This is a question being asked by many of our customers as they attempt to reorganise their businesses, as the Government’s Coronavirus Job Retention Scheme moves to the next stage, and the end of this funding is in sight.
As an alternative to running a full redundancy process, some people prefer to select specific employees without causing disruption to the whole workforce, so instead use a Settlement Agreement or COT3 Agreement to terminate their roles.
The difference between these is as follows:
Settlement agreements are contracts which stop employees bringing claims against their employers. Many different names and slang terms are used for them:
- Termination agreements
- Compromise agreements
- Gagging clauses
- Mutually-agreed resignation
- Ex-gratia payments
- Golden handshakes
The proper legal term, however, is ‘Settlement Agreement’.
The alternative to these lengthy legal agreements, is to work with ACAS (Advisory, Conciliation and Arbitration Service) and use a COT3 agreement. These are also legally binding contracts entered into between an employer and employee to settle actual or potential complaints to the Employment Tribunal, such as those arising from ‘selective redundancy’.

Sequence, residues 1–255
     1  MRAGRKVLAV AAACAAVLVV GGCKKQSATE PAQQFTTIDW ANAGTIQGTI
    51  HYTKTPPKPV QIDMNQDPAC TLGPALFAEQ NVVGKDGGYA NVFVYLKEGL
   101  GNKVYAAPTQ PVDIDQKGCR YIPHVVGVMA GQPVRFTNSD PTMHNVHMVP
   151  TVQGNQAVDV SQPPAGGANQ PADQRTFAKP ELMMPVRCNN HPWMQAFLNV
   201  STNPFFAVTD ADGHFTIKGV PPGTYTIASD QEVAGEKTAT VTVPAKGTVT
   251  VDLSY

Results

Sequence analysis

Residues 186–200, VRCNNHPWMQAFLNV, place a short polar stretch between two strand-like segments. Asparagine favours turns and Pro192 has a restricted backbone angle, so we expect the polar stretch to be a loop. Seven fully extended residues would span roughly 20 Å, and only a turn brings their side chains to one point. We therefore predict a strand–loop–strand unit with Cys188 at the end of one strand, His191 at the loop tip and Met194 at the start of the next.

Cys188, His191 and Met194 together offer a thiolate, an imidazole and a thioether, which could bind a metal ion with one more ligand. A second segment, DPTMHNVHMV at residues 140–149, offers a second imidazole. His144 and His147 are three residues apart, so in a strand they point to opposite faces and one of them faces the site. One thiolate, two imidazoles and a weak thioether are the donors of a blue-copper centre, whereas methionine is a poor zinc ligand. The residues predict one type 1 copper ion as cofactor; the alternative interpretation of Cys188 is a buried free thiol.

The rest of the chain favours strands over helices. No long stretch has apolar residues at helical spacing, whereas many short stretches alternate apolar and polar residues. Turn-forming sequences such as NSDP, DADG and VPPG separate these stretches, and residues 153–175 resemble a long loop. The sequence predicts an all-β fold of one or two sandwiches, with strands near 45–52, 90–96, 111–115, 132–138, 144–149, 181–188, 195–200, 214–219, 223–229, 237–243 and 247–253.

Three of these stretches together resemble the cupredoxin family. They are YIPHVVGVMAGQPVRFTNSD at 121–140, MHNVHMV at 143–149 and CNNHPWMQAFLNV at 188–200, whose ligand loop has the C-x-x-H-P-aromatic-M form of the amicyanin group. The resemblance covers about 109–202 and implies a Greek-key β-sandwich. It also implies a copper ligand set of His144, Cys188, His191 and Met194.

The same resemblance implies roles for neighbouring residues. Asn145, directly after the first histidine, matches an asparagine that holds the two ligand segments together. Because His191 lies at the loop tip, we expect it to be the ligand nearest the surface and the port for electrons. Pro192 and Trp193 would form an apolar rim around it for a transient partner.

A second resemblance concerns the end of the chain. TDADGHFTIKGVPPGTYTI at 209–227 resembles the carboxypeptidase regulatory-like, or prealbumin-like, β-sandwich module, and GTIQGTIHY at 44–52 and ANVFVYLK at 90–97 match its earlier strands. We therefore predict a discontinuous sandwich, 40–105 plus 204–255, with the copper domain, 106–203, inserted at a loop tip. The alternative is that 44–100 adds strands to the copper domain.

COT3’s provide the same protective outcome and similar terms as the more orthodox settlement agreements but with some real benefits for employers:
- They are quicker and much cheaper
- They don’t appear as daunting to employees, so staff are more willing to engage
- They are still legally binding
- The process starts with a “Protected Conversation” which is inadmissible in court
- The employee does not need to get legal representation.
How is it done?
The process is quite straight forward, providing you use the correct wording.
- A protected offer is made to the employee
- The intentions to engage in a COT3 are registered with ACAS
- The COT3 wording is sent to ACAS
- The employer fulfils the agreed terms.
THSP work with many customers to arrange COT3 agreements by helping them manage this process. If this is something you would like to hear more about then call us, on 03456 122144 and speak to one of our employment lawyers.